The Chinese word Chan is a transliteration of dhyana (Sanskrit, meaning meditation) which refers to the tranquil state of mind. It can be explained in both a broad and narrow sense. Broadly speaking, the practice of both the outer and inner preliminaries is Chan.

Meditation without thoughts

There are two types of meditation without thoughts. The type here is merely stilling the mind – there is no realization of emptiness. It is a narrow definition of meditation – the four/ eight stages of concentration (jhanas), which is not specific to Buddhism; non-Buddhists and atheists can also undertake this practice, albeit with different purposes. If people with light symptoms of mental disorder practice meditative concentration before going to bed every night, they can gradually reduce stress and fully recover.

The meditation practice of Sutrayana is described clearly in both Abhidharmakosa and Mahayana Abhidharma. The practice, simply put, is to let go of the conceptual mind completely, then observe mind itself. While matter cannot perceive itself, mind can not only analyze, observe, and judge the external objects but also perceive its own condition. This is a unique characteristic of mind, also called the reflexive self-awareness of mind.

Meditation without thoughts but with realization of emptiness

Meditators abide in the state of realization of emptiness with no thought whatsoever.

The four stages of meditation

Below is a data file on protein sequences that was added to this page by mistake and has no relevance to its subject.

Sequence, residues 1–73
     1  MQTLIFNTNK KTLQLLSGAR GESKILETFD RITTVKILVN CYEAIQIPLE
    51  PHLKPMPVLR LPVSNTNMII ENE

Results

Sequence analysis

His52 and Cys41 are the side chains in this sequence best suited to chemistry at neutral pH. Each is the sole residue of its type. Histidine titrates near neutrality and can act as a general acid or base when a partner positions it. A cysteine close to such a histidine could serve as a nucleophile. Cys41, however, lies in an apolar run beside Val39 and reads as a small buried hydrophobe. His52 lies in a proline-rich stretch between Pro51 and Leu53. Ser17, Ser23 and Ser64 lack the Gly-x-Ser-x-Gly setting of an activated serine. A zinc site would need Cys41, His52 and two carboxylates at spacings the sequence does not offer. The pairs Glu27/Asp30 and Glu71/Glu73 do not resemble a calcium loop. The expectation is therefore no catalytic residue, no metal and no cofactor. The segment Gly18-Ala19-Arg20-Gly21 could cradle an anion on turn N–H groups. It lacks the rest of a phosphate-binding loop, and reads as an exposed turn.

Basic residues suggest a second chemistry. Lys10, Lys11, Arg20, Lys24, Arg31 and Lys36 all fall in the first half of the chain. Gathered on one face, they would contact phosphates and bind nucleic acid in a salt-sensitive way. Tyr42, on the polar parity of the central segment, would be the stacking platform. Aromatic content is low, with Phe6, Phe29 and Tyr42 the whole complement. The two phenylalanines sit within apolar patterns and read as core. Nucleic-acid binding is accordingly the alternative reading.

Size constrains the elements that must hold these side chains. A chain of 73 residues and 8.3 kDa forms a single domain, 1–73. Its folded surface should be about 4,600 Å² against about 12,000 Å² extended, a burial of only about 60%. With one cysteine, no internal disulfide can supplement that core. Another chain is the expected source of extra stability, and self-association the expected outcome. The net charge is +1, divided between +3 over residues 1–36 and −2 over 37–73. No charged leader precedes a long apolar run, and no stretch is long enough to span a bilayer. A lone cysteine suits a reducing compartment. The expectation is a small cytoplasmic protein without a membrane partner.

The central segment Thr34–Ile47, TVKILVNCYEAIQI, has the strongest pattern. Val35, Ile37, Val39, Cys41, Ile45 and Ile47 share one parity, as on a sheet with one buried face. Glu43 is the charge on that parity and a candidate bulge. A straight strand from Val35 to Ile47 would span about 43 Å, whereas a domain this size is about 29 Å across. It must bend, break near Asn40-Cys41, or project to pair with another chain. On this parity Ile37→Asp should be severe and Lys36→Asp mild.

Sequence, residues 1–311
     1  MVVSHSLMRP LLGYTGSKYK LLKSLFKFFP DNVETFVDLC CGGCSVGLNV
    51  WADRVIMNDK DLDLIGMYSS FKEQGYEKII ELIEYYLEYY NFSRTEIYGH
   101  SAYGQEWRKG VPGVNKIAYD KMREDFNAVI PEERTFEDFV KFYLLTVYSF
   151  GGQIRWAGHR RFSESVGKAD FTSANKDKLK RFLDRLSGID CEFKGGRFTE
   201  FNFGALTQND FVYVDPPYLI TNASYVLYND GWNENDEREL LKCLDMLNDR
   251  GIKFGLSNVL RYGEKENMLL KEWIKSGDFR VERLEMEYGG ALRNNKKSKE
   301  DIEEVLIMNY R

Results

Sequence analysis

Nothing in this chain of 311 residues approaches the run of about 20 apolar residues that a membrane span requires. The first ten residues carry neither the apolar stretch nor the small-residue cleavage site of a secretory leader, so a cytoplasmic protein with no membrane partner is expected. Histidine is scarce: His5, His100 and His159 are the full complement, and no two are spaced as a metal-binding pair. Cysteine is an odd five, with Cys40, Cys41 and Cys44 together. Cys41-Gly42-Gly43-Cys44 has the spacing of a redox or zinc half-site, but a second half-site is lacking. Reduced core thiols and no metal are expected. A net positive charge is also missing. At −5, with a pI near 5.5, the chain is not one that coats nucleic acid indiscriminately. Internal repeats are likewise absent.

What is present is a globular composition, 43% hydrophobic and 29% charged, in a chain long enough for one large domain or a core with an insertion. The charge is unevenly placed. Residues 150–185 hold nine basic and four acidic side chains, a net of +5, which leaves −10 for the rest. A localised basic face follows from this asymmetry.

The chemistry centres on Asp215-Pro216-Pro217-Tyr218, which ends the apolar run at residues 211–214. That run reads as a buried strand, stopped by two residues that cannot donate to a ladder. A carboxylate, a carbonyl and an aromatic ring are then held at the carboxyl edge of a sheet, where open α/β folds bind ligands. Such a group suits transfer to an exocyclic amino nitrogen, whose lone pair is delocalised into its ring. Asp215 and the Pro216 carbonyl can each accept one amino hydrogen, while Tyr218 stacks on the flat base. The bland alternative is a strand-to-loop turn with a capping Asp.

Indeed, it is hard when first starting to practice the Dharma because mind tends to resist and fight the changes that come with the practice. When mind is asked to generate renunciation, instead of getting weary of the material world, it becomes greedier; when asked to develop compassion or bodhicitta, rather than striving to do so, it becomes even more selfish and unkind; with weak faith in the Buddhadharma, mind is entangled in huge waves of greed, hatred, delusion, pride, etc., which is incompatible with the path to liberation. It is groggy sometimes and distracted other times. As our ability to meditate is still quite weak, our minds, like a piece of paper in the wind, are at the mercy of negative emotions. No matter how we try, we cannot overcome the constant attacks from these afflictions, resulting in verbal or physical harm to others in the end. This is the most painful stage for practitioners.

But we must know this stage is only temporary, one that all regular practitioners must go through. And it will pass over time. If one practices well in a retreat, it will take just six months to overcome this hurdle. However, if one chooses to avoid facing this stage, one can never cross this hurdle, nor practice meditation or attain enlightenment.

In general, there are two obstacles to practicing meditation: external obstacles such as various difficulties in life and at work; internal obstacles such as health problems. But these are not the most serious. The biggest obstacle to all meditations is discursive thoughts and emotions.

On the surface, we cannot say all illnesses are caused by emotions. It is also stated in Abhidarmakosa that body and mind have two different attributes; they are classified separately in the five aggregates. However, at a deeper level, all illnesses and pain are created by the mind; other than the mind, the so-called illness and misery don’t exist.

In fact, the nature of the four maras in Buddhism is our jumbled thoughts, or a type of phenomena produced by our destructive emotions. Except for emotions and illusions, there are no ghosts or demons out there.